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Jefferson's descendants continue to deny slave link


Thomas Jefferson's descendants have decided that the ancestors of one of his slaves cannot join their family club, despite DNA evidence published in Nature suggesting that he fathered at least one of her children.

The Monticello Association, a group of nearly 800 descendants of Jefferson's daughters, voted on 5 May to keep Sally Hemings's descendants out of their group. This means that Hemings's relatives cannot be buried in the graveyard at Monticello, Jefferson's home in Charlottesville, Virginia.

Their vote is the latest twist in a racially charged controversy that has raged since Jefferson's own day, when it was noted that Sally Hemings's children bore a likeness to the third president. That and other evidence fuelled speculation that the author of the Declaration of Independence fathered six children by Hemings, who was a slave at Monticello. She only became pregnant during times when Jefferson stayed there.

Jefferson's descendants have always disputed this speculation. Jefferson's grandchildren claimed that one of his maternal nephews, Samuel or Peter Carr, fathered Hemings's children. But genetic tests published in November 1998 (see Nature 396, 27–28; 1998) eliminated that possibility. The tests compared the Y chromosomes of men descended from Sally Hemings's son Eston with those from the Jefferson and Carr family lines. Eston's Y chromosome was found to be virtually identical to Jefferson's and dissimilar to the Carr chromosome.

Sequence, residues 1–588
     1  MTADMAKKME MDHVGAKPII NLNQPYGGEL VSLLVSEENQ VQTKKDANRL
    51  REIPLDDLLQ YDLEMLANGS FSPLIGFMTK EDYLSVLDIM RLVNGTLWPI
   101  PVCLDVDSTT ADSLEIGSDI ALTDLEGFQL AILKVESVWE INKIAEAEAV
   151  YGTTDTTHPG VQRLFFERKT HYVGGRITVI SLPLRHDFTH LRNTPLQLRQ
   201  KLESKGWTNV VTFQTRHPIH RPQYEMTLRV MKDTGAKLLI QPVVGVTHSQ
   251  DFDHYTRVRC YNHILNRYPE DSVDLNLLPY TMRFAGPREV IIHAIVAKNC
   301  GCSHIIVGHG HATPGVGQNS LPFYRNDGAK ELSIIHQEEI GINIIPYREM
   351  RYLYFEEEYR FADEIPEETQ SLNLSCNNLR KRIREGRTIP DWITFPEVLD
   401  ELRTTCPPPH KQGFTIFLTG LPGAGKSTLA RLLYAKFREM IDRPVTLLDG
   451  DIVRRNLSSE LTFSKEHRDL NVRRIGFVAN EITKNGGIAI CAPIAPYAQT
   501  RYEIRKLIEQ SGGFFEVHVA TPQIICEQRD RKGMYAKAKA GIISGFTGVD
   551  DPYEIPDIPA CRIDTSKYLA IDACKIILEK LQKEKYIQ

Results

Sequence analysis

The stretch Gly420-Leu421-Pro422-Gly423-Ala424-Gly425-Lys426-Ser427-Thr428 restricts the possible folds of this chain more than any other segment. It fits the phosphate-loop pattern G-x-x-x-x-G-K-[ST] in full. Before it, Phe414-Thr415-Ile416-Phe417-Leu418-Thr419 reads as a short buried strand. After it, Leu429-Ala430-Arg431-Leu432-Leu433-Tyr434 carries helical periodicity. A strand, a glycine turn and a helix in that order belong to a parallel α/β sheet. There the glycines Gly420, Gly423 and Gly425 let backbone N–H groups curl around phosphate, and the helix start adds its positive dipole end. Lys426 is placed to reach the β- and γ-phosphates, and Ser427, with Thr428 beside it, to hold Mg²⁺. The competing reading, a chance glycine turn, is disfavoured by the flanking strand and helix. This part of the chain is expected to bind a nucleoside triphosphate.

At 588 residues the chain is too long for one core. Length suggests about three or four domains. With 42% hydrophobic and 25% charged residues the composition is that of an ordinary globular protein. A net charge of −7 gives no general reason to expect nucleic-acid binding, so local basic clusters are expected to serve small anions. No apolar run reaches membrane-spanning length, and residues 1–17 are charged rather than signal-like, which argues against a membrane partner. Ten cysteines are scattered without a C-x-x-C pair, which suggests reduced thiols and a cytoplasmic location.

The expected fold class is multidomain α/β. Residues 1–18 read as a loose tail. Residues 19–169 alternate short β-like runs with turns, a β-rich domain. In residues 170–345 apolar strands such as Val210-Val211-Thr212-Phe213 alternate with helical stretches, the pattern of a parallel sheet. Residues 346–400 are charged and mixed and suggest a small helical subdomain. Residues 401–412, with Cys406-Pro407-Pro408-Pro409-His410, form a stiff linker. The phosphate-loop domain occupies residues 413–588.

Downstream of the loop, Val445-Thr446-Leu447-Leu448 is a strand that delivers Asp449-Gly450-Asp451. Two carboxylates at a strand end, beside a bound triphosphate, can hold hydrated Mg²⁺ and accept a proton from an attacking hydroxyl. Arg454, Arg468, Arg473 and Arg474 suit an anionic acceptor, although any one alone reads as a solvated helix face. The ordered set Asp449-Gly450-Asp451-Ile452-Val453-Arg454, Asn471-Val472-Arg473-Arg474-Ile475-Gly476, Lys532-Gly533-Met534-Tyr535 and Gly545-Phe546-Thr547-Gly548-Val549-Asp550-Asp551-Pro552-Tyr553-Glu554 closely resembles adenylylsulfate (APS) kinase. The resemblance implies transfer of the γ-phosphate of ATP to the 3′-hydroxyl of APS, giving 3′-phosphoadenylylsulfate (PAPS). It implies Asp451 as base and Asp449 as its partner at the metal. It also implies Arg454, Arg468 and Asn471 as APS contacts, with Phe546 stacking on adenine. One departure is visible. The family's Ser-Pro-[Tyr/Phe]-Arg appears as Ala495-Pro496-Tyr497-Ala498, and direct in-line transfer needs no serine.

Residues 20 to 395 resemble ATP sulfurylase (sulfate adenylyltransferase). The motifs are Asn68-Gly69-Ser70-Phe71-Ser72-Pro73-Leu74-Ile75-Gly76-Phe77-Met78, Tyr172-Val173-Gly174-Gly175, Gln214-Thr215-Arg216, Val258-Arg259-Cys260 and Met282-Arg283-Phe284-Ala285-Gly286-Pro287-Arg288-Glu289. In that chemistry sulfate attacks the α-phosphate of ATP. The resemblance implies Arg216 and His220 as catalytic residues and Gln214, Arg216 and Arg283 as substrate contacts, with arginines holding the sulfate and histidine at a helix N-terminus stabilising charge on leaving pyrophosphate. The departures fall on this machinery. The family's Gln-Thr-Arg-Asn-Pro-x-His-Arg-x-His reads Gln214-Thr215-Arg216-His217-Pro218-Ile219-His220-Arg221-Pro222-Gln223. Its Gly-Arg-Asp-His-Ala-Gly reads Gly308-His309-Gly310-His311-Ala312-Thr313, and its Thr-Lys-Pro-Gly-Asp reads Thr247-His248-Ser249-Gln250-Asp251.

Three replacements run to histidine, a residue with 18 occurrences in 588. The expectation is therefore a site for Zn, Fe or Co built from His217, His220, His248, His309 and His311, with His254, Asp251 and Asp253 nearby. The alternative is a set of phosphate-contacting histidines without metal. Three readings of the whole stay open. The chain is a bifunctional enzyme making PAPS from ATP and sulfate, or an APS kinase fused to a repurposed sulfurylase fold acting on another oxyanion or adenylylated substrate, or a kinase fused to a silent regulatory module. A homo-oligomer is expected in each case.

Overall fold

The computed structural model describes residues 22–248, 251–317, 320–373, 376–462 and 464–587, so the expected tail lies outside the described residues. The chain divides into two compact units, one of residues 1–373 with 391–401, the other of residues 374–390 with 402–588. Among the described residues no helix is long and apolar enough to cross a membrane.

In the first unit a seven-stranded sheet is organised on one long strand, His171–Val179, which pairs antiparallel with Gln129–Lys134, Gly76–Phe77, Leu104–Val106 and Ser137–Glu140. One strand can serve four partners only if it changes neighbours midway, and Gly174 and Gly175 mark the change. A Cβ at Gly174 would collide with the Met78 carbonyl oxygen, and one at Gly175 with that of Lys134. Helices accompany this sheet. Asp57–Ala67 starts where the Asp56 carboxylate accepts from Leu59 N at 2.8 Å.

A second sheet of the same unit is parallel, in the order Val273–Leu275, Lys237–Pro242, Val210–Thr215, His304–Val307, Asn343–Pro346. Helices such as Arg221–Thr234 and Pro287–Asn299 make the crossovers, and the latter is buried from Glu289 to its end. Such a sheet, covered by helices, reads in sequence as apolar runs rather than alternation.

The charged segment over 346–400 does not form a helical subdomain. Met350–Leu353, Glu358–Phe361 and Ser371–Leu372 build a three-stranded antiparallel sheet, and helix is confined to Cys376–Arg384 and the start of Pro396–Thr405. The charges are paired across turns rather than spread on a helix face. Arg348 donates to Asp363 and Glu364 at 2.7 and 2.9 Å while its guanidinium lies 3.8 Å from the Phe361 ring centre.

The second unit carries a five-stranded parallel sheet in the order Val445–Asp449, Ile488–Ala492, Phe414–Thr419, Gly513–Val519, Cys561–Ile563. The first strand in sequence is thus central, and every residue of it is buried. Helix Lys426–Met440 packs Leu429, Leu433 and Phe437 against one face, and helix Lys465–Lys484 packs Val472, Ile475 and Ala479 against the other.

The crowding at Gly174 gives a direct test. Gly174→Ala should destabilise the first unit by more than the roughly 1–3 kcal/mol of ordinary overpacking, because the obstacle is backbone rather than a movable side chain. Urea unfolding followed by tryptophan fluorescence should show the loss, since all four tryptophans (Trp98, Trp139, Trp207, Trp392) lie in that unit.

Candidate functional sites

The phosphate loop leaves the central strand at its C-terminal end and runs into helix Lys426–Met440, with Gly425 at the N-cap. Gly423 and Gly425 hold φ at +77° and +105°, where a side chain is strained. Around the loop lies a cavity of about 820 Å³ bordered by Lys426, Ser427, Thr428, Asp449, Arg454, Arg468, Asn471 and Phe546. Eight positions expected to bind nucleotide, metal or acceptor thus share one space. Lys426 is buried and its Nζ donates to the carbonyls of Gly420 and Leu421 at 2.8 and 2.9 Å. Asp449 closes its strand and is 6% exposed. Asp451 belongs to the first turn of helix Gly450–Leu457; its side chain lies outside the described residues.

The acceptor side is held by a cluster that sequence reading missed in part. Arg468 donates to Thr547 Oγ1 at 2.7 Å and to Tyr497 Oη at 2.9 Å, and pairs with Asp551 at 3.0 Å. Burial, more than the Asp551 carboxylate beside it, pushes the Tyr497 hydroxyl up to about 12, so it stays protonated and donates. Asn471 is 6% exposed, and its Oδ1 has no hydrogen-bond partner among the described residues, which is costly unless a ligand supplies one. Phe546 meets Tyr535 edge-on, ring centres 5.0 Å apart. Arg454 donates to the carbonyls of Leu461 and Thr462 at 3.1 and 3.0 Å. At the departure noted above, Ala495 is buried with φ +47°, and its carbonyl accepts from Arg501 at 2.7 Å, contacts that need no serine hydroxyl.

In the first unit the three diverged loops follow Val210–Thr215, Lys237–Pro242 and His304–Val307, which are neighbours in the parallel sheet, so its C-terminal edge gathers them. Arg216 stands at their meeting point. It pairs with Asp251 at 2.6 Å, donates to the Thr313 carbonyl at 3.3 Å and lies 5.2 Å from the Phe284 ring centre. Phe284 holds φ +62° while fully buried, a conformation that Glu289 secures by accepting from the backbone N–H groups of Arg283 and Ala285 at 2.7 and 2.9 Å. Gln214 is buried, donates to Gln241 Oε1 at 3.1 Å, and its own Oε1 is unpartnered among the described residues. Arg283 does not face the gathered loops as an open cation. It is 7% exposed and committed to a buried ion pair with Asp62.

The study caused an outcry because it was published in the midst of then-President Bill Clinton's impeachment process. Clinton's supporters seized on it as proof that previous presidents — even the most celebrated ones — had also engaged in sexual indiscretion.

The findings prompted the Thomas Jefferson Foundation, which owns and operates Monticello, to investigate the Hemings connection. In January 2000, it concluded that the DNA study, combined with other evidence, indicated a “high probability that Thomas Jefferson fathered Eston Hemings, and that he most likely was the father of all six of Sally Hemings's children”.

But Jefferson's descendants remain unswayed, and now say that Thomas's brother Randolph was probably Eston's father. “They have not provided conclusive evidence that Thomas Jefferson had a relationship with Sally Hemings,” says Nathaniel Abeles, the Monticello Association's president.

The association's position cuts no ice with the academic community. “This decision is scientifically unsound, historically unsound and morally bankrupt,” says Annette Gordon-Reed of the New York Law School. “The issue is pretty much settled and the fact that the family association chooses to tell a story about itself doesn't affect what scientists or historians think.”


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Check, E. Jefferson's descendants continue to deny slave link. Nature 417, 213 (2002).

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